Because table tennis is not widely broadcast in the United States, some fans might be left scratching their heads when the sport is shown during the Olympic Games.
Here's a quick and easy guide to help you figure out some of the lingo during Olympic table tennis play:
Blade: A table tennis racket is sometimes referred to as a blade. Usually, when someone says blade, they are referring to a racket that is not covered in rubber.
Chop Block: A chop block is a defensive move in which a player slices the racket down when contact is made. The movement helps to create backspin on the ball.
Down-the-Line: Down-the-line means exactly what it sounds like. When the ball is hit along the side of the table, or down the sideline, this is the terminology used.
Drop Shot: A drop shot is a short shot on the table. Usually, the opponent has to reach to return the ball, and a drop shot is usually made when the opponent is standing further back from the table.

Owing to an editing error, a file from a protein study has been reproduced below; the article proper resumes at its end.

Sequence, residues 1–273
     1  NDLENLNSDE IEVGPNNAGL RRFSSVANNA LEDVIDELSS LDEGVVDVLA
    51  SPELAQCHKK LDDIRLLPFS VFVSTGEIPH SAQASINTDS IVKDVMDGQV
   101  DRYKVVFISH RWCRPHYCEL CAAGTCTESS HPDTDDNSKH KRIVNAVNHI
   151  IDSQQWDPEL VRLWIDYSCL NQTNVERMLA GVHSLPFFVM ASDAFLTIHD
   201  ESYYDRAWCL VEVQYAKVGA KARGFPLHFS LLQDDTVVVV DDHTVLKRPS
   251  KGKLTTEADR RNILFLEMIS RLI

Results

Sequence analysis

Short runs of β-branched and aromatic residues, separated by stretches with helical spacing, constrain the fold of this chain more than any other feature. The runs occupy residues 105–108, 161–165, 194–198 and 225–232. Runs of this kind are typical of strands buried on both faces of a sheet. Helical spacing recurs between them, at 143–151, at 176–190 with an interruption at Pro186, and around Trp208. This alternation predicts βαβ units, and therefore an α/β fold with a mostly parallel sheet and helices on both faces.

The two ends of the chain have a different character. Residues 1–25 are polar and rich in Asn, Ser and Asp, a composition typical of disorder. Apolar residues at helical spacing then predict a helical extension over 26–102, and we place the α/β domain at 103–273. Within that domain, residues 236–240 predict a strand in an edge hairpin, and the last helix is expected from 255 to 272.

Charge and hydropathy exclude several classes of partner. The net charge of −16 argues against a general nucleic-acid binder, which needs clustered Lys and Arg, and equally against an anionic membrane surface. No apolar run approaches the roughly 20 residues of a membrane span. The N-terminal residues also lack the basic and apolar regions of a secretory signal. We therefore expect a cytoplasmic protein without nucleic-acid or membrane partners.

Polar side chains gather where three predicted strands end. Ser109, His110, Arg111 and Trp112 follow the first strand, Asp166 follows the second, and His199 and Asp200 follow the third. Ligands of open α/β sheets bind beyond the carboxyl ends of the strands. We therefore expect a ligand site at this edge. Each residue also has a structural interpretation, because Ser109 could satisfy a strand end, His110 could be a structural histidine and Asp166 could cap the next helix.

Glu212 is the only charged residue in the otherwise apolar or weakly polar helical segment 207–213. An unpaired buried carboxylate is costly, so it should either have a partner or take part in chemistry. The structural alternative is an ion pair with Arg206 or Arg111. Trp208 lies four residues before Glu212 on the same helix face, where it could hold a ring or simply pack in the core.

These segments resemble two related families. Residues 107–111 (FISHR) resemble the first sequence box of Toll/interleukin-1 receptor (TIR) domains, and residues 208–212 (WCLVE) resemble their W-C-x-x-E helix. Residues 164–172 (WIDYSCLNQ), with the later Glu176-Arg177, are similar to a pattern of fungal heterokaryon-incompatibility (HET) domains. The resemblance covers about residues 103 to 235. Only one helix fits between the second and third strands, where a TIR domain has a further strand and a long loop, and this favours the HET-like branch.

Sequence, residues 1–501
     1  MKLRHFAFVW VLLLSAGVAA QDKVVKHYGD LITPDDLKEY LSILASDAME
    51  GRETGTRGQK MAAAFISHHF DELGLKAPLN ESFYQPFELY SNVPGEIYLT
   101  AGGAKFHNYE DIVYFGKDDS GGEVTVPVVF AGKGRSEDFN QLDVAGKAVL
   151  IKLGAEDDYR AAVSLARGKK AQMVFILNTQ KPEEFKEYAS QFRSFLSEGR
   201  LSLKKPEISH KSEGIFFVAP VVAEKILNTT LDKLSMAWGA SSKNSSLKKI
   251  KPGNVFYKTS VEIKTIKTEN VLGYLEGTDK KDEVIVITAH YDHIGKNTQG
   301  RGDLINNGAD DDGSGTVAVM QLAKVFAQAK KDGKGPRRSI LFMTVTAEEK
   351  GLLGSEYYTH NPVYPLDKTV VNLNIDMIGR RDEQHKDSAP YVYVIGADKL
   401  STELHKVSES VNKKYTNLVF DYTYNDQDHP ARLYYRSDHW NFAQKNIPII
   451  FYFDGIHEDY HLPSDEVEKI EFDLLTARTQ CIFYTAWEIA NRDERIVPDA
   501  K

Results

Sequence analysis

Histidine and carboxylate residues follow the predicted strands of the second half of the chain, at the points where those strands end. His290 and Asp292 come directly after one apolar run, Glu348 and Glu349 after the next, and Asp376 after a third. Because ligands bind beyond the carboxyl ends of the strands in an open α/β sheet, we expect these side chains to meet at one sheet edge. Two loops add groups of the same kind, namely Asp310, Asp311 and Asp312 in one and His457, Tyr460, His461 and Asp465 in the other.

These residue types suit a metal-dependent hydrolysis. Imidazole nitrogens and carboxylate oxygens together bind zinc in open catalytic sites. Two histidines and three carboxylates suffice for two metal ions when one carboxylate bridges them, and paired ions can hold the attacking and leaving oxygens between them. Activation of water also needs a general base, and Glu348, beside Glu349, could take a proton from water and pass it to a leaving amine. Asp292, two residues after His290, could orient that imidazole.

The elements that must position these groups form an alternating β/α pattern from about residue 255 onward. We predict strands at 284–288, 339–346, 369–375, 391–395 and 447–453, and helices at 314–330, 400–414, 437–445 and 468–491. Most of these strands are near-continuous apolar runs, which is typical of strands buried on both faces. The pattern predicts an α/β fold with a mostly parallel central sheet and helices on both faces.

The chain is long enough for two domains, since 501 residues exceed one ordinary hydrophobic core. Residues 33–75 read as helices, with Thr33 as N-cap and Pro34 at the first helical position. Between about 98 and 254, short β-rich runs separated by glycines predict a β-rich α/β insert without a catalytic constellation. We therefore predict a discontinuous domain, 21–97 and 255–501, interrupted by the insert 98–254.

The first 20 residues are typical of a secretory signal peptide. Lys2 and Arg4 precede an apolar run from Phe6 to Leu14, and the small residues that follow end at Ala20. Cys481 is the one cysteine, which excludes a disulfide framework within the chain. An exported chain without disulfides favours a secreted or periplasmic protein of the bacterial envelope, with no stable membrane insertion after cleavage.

Hard Rubber: Hard rubber refers to a racket without sponging beneath the rubber. A hard rubber racket is probably the most recognizable type of racket for most people, though new advances have made them less common in elite competition.
ITTF: ITTF Stands for International Table Tennis Federation. The organization is the international governing body for table tennis, which means that the ITTF creates and enforces rule and regulations related to the sport.
Let: A let happens when play is interrupted. If a let is called, the rally is played again and the points do not count.
Loop: A loop is a shot with a a lot of top spin. It's often considered the most important shot in the game, according to USA Table Tennis, and most players either specialize in performing the loop or defending the loop.
Penhold: Penhold describes a grip where the racket is held in the same way a pen is held. The grip allows for great forehand returns but awkward backhand returns.
Pips: Pips are the small rubber bumps on the surface, or blade, of the table tennis rackets.
Sandra Johnson is a longtime Olympic fan. While working for the United States Olympic Committee and living in the Olympic Training Center in Colorado Springs, Colo., Johnson had the opportunity to immerse herself in the Olympic Movement. Follow her on Twitter: @SandraJohnson46.
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